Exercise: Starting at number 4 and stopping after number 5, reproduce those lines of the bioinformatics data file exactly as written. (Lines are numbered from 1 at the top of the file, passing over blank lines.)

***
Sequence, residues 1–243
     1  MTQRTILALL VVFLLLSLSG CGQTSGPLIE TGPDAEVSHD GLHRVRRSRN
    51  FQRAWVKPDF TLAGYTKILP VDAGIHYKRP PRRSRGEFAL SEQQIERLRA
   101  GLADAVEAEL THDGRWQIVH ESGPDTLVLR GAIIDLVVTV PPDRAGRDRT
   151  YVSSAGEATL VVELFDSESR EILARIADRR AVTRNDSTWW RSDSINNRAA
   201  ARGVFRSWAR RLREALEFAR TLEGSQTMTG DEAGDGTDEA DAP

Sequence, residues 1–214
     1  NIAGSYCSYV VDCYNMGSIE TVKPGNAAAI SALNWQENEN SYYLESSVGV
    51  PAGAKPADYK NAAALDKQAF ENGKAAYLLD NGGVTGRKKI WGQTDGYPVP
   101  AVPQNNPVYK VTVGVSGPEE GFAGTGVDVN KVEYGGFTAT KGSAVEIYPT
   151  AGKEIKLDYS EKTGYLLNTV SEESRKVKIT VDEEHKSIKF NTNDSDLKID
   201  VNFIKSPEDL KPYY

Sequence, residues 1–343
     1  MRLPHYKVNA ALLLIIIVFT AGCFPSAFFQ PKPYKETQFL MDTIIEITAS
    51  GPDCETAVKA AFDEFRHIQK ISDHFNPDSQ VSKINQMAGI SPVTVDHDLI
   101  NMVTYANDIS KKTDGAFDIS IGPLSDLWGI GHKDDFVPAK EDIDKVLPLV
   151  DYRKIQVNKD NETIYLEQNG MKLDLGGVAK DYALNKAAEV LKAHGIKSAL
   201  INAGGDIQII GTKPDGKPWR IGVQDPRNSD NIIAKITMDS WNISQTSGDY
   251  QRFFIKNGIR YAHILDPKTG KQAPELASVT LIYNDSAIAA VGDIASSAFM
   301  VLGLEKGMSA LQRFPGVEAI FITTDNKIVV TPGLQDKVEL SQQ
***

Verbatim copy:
   101  GLADAVEAEL THDGRWQIVH ESGPDTLVLR GAIIDLVVTV PPDRAGRDRT
   151  YVSSAGEATL VVELFDSESR EILARIADRR AVTRNDSTWW RSDSINNRAA